Screening for alcohol use during healthcare visits and informing patients of this risk may be one way to increase awareness. In addition, increased awareness of the alcohol-cancer link may help generate support for alcohol policies that may be key to reducing alcohol consumption and future alcohol-related problems [19, 45]. When made aware that alcohol causes cancer, support increased for minimum unit pricing per standard drink of alcohol. This and similar policies that affect beverage pricing (e.g., taxes) have been shown to reduce alcohol consumption and sales, and ultimately reduce alcohol-related health problems [46]. However, more information is needed to identify subgroups who may benefit most from awareness campaigns or other interventions to reduce consumption and alcohol-related cancers.

Availability of data and materials

The datasets generated and/or analyzed during the current study are not publicly available to protect the privacy of participants, but are available from the corresponding author on reasonable request.



American Cancer Society


Driven to Discover


Behavioral Risk Factor Surveillance System


Generalized linear model


Confidence interval


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We thank the staff of volunteers and Jason Fredrick for their data collection efforts.


Research reported in this publication was supported by the National Cancer Institute of the National Institutes of Health under Award Number T32CA163184 (Michele Allen, MD, MS; PI). The content is solely the responsibility of the authors and does not necessarily represent the official views of the National Institutes of Health.

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Authors and Affiliations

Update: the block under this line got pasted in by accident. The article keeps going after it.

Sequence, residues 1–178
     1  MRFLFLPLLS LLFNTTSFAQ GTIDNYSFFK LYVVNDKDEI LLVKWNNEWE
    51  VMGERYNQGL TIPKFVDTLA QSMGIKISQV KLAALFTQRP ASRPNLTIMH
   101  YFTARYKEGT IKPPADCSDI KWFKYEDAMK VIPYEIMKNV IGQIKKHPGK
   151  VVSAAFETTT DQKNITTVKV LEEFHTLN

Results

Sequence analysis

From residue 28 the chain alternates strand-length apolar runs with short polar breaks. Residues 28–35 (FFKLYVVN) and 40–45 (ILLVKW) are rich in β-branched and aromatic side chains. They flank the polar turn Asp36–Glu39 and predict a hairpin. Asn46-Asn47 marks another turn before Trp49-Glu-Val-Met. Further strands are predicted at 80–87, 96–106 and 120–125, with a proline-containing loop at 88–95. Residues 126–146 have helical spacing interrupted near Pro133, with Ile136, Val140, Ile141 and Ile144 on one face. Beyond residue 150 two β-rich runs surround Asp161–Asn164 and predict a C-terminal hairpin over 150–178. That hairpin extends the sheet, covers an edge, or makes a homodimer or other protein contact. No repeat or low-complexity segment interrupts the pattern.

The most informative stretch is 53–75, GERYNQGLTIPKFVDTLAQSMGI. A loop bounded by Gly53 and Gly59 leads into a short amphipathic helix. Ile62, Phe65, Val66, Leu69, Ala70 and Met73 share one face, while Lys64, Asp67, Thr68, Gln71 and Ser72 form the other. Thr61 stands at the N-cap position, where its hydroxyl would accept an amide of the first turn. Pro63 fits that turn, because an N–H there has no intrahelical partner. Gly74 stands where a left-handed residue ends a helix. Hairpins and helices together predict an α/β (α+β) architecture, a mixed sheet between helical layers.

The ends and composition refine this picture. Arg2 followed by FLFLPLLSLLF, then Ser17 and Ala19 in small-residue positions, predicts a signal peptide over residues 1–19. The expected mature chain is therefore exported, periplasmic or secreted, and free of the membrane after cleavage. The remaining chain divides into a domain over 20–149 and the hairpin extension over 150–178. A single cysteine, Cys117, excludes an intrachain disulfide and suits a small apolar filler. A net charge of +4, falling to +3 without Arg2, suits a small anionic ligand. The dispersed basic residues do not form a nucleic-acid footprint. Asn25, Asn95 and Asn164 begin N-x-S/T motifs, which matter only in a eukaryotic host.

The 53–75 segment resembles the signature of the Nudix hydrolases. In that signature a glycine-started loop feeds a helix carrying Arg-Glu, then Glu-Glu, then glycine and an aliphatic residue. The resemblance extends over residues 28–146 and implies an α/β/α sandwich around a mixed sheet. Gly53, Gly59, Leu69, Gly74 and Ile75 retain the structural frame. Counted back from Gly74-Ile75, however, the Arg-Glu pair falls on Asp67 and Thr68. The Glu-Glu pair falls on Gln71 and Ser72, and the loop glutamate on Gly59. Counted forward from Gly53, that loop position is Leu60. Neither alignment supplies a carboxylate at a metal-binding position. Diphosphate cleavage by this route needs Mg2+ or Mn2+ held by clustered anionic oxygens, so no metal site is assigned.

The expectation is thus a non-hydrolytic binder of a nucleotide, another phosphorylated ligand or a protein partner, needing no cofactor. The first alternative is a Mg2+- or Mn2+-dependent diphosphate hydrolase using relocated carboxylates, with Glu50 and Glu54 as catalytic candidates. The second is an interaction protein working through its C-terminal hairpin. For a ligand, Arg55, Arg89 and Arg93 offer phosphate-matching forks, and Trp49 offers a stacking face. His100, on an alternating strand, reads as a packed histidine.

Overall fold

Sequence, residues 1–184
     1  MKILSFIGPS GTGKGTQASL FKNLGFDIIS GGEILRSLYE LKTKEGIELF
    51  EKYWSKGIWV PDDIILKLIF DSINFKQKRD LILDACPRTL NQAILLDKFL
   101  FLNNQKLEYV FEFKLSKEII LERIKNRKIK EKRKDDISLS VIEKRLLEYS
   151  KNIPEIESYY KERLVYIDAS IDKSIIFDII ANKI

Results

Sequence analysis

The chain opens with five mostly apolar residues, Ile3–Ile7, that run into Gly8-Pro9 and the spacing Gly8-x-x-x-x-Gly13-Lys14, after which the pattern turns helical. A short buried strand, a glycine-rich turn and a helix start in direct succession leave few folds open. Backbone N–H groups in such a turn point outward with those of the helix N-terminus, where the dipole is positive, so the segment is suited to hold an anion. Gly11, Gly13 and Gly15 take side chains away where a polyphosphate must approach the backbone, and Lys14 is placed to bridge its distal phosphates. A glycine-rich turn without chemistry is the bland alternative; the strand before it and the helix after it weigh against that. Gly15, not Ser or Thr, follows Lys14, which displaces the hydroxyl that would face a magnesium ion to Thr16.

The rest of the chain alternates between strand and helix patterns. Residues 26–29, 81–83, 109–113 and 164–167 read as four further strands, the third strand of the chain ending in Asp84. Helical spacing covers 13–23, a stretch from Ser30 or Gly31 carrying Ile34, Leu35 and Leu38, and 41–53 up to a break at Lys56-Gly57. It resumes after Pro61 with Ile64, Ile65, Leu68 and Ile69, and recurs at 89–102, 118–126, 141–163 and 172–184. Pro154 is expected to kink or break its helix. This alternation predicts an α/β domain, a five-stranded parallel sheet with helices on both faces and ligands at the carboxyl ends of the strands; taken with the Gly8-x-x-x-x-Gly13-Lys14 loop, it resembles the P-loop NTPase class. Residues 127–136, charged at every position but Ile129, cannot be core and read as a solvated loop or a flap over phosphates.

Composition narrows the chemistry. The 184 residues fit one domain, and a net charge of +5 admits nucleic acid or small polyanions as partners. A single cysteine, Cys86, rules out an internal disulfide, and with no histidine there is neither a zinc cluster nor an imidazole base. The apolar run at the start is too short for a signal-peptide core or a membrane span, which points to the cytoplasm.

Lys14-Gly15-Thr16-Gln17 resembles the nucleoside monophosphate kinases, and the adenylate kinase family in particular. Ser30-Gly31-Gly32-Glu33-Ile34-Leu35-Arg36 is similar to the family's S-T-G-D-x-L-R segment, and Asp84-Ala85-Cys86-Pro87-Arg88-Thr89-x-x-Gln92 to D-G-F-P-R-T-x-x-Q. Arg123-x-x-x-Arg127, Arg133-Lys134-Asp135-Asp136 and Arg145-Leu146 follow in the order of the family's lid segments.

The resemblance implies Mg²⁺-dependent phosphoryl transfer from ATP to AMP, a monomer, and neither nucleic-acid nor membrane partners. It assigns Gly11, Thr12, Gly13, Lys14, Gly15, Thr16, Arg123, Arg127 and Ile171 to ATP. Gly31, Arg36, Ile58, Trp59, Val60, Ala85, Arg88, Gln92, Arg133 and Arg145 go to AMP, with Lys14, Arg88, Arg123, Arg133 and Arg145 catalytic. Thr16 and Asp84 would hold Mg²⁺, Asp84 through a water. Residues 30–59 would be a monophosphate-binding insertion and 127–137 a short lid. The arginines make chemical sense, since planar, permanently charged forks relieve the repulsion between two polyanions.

CMC was responsible for study design and conceptualization, data collection, cleaning and analyzing data, and manuscript preparation. TT assisted with study design and conceptualization, data collection, analysis planning, and manuscript review. RJ assisted with study design and conceptualization, analysis planning, and manuscript review. All authors read and approved the final manuscript.

Corresponding author

Correspondence to Collin M. Calvert.

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Ethics approval and consent to participate

Verbal informed consent was obtained from all study participants. Ethics approval was granted by the University of Minnesota Institutional Review Board. Verbal consent was approved over written consent because this research presented no more than minimal risk of harm to participants and involved no procedures for which written consent is normally required outside of the research context. Consent was recorded in REDCap prior to beginning the survey.

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Not appliable.

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The authors declare that there are no competing interests.

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Supplementary Information

Additional File 1: Supplementary Table 1.

Bivariate analysis for straight-liners and non straight-liners. A table comparing straight liners and non-straight liners across all covariates. Percentages, means, and the results of bivariate hypothesis tests are included.

Additional file 2: Supplementary Table 2.

Factors Associated with Knowledge of Alcohol-Cancer Risk by Cancer Type (Straight Liners Excluded). A table formatting the same way as Table 3 in the manuscript, but excluding straight liners. Mean differences and confidence intervals are included.

Additional file 3.

Survey Questionnaire. The questionnaire developed by research staff. Questions were adapted from the Behavioral Risk Factor Surveillance System and prior studies of alcohol-cancer awareness. Citations for these are included in the manuscript text.

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Calvert, C.M., Toomey, T. & Jones-Webb, R. Are people aware of the link between alcohol and different types of Cancer?. BMC Public Health 21, 734 (2021).